There is a long history of accidents during the Cold War that brought the United States treacherously close to disaster. In one major false alert, a training tape loaded into a computer made it appear to US launch officers that a full-scale Soviet attack was under way. Other events, like those well documented during the Cuban missile crisis, underscore the numerous unforeseen accidents that could be misinterpreted during a crisis. For example, a high-flying U-2 reconnaissance plane accidentally strayed into the airspace over Siberia in 1962. This led to Russian concerns that the United States might be creating a provocation to justify an attack. Combine these unpredictable “incidents” with very short decision-making times, potential false alerts from early-warning systems, and the severely limited information that even the best early-warning systems are capable of providing, and one wonders how the United States and the Soviet Union made it through so many decades without a massive accidental use of their nuclear forces.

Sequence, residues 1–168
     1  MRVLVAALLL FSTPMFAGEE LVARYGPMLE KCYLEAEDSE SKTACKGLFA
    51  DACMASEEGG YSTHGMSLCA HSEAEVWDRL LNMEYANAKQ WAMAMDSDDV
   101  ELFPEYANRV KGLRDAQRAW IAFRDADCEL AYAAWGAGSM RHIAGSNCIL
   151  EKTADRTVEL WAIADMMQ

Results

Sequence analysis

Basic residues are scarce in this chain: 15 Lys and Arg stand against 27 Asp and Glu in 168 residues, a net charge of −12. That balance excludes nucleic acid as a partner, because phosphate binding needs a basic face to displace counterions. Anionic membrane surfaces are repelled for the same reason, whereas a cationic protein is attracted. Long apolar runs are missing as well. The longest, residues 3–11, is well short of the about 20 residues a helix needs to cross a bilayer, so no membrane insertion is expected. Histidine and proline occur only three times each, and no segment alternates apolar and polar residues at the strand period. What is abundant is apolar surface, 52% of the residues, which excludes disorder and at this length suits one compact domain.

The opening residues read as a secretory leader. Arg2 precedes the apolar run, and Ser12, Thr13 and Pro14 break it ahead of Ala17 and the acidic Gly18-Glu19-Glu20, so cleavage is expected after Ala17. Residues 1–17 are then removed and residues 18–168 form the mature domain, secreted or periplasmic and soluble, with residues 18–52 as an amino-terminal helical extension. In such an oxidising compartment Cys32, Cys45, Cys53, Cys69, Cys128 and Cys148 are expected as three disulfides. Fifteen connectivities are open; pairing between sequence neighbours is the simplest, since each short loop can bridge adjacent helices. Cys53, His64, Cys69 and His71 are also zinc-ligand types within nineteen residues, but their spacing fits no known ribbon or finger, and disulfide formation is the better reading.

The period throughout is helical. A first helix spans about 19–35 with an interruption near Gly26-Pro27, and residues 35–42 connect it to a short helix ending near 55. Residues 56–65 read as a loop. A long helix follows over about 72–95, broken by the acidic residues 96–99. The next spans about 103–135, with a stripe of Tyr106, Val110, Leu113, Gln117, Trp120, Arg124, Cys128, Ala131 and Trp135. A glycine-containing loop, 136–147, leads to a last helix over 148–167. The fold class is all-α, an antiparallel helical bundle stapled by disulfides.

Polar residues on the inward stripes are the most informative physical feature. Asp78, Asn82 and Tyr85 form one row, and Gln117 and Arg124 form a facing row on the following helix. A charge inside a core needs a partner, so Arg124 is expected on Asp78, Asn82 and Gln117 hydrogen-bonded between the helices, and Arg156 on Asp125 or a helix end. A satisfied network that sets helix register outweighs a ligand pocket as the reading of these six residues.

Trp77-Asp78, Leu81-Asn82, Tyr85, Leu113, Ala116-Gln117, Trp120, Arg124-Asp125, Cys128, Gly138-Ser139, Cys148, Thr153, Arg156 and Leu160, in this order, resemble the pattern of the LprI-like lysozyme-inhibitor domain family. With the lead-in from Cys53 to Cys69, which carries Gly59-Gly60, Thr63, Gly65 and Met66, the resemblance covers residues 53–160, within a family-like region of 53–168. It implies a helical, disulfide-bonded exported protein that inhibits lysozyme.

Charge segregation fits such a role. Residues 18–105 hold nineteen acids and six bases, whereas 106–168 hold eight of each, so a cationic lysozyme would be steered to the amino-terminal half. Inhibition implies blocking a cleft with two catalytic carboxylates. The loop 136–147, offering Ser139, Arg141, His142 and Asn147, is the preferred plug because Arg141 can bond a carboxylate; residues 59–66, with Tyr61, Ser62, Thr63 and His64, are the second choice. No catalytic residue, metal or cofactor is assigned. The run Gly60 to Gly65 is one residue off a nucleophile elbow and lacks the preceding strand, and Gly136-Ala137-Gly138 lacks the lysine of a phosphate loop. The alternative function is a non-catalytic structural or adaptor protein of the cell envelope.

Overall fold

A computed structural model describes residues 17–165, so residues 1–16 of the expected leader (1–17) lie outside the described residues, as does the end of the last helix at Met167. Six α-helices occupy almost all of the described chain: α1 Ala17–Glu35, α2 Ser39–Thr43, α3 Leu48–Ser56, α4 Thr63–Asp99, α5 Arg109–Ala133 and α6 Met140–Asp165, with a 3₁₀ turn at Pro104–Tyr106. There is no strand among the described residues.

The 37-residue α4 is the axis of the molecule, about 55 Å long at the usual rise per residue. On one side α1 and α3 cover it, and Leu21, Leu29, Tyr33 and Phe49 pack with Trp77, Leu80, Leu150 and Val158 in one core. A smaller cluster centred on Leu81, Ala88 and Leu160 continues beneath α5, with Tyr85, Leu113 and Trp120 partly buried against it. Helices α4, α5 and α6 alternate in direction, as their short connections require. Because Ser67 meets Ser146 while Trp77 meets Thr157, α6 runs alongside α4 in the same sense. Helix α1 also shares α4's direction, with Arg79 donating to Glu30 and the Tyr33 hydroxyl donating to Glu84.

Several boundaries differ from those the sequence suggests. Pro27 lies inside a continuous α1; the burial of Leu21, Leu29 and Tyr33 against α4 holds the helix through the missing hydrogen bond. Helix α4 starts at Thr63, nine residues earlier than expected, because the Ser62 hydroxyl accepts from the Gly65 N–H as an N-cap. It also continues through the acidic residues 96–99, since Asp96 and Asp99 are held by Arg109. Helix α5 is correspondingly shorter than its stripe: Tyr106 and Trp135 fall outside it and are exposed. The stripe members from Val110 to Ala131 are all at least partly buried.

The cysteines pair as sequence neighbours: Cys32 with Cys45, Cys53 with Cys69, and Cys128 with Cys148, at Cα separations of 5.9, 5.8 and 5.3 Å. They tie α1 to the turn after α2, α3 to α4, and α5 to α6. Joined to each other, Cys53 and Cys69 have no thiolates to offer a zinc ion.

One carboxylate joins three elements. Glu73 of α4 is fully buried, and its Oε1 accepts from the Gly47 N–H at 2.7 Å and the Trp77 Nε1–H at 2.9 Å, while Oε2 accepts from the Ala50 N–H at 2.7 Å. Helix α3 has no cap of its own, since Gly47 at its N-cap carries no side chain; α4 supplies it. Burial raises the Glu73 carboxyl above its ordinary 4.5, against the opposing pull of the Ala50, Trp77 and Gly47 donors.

* * *

In the end, the us modernization program reveals a fundamental misunderstanding of the most basic characteristics of nuclear weapons. The scale and character of these weapons’ effects are so large and so deadly that any notion of using them in a controlled or limited way is completely disconnected from reality. This failure to understand the profoundly different nature of nuclear weapons leads to yet another fundamental misunderstanding: that nuclear war can be thought of as simply an extension of war with conventional weapons.